Natural language processing (NLP) is a machine learning methodology that helps to analyze the meaning of unstructured text data. NLP simulates the ability of the human brain to process natural languages such as English, Spanish, Chinese, etc. NLP can infer the meaning of text data in a context even when documents do not follow a standard template. This is done based on semantics and grammatical relationships. 

Let us look at some of the models used by NLP to process unstructured text:

  • ‘Bag of words’:This simply counts the occurrence of a word or phrase in the text, without considering semantics or context.

  • Tokenization is used to break text into tokens. Tokenization cuts text into sentences and words and disregards punctuation.

  • Stop words removal is the process of removing articles and prepositions such as ‘the’ and ‘to’ from the text as they add no value to the NLP process. Most analysis starts with the basic stop words list which is then augmented based on the specific objective.

  • Stemming is an NLP process that removes affixes, or additions to a root word by way of a prefix before the word or a suffix after the word. Stemming can help to group the different forms of a word together, for example, ‘guitar’ and ‘guitarist’. 

  • Lemmatization is the process of resolving words to their dictionary form, known as ‘lemma’. For example, tenses are removed, so ‘teaching’ and ‘taught’ both become ‘teach’. Synonyms are also unified during the lemmatization process, for instance ‘home’ becomes ‘house’. Lemmatization considers the context of the word used, as the same word can have different meanings depending on where and how it’s used.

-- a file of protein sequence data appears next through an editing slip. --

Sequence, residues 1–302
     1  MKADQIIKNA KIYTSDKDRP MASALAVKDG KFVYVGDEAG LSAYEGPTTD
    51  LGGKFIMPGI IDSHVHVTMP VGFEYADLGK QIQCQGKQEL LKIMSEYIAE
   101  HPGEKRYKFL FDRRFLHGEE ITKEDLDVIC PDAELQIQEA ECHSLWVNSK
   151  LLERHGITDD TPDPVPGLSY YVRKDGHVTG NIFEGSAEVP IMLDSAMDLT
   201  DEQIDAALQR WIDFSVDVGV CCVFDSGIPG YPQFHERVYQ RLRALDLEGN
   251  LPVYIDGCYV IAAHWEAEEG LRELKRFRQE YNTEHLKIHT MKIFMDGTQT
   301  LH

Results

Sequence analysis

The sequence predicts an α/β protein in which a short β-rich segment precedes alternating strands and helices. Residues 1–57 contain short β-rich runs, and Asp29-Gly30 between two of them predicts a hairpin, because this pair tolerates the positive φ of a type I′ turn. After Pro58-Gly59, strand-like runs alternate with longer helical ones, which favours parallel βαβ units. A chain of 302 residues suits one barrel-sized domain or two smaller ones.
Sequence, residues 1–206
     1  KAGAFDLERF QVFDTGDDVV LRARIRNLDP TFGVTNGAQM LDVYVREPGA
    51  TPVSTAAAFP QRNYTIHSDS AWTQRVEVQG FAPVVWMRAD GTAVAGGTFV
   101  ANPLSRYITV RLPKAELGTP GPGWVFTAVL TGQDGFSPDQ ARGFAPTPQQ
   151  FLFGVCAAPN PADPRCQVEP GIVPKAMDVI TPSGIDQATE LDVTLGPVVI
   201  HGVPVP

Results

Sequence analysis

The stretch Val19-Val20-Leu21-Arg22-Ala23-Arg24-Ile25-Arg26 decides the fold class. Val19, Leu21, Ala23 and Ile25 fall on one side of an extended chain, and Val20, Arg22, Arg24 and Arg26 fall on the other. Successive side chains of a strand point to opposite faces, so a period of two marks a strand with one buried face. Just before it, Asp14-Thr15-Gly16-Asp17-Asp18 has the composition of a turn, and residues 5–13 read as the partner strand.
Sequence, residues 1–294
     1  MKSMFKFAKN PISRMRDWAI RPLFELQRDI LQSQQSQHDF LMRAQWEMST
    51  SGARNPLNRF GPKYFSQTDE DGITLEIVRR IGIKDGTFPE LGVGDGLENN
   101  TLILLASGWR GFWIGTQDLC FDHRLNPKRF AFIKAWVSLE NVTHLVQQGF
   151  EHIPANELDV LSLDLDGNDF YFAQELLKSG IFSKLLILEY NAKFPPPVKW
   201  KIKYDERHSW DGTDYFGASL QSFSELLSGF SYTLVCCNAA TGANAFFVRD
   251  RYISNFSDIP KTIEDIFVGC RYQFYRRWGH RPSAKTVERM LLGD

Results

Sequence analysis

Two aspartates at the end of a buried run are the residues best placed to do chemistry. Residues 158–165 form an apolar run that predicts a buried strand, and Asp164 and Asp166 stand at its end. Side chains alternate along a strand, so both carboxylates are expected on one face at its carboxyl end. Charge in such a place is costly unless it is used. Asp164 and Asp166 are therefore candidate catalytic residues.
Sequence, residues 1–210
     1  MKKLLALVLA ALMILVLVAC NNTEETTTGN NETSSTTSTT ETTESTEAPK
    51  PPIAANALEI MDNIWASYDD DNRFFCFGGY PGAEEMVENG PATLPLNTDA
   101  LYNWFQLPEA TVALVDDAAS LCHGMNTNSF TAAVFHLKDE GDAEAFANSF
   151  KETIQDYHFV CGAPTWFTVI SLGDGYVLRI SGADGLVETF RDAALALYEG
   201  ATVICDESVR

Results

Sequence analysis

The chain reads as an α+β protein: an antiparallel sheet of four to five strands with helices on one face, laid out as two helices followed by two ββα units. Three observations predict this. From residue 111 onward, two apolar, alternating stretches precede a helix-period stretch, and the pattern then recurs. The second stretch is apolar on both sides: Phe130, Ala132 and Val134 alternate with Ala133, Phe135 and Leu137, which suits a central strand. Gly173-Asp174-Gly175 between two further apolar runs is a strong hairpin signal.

• Topic modeling is a text-mining tool that helps to uncover topics in the text and find clusters of words related to different topics. Particular words that appear frequently in a document give an indication of the topics contained and the meaning. For example, let’s assume that the words ‘economy’ and ‘GDP’ will appear more frequently in a document about the economy, and ‘shipping’ and ‘logistics’ will appear more frequently if it’s about logistics. Then a document that contains 9 times more logistics-related words than economy-related ones can be assumed to be 90% about logistics and 10% about the economy.

The following are some areas in which NLP is proving to be extremely helpful in analyzing unstructured text data:

  • Healthcare: In healthcare, NLP is helping to recognize and predict medical conditions based on electronic health records and analysis of patient conversations. NLP can extract medical conditions, medications, and treatment outcomes from multiple unstructured data sources such as notes written by healthcare professionals, medical reports and electronic health records. 

  • Sentiment Analysis: Brand managers need to know what people are saying about their brand on social media. Given the huge volume of unstructured information from social posts and noise, it is challenging  to understand whether the dominant theme is positive or negative. NLP helps to conduct this sentiment analysis and provides insights into consumer behavior and decision drivers.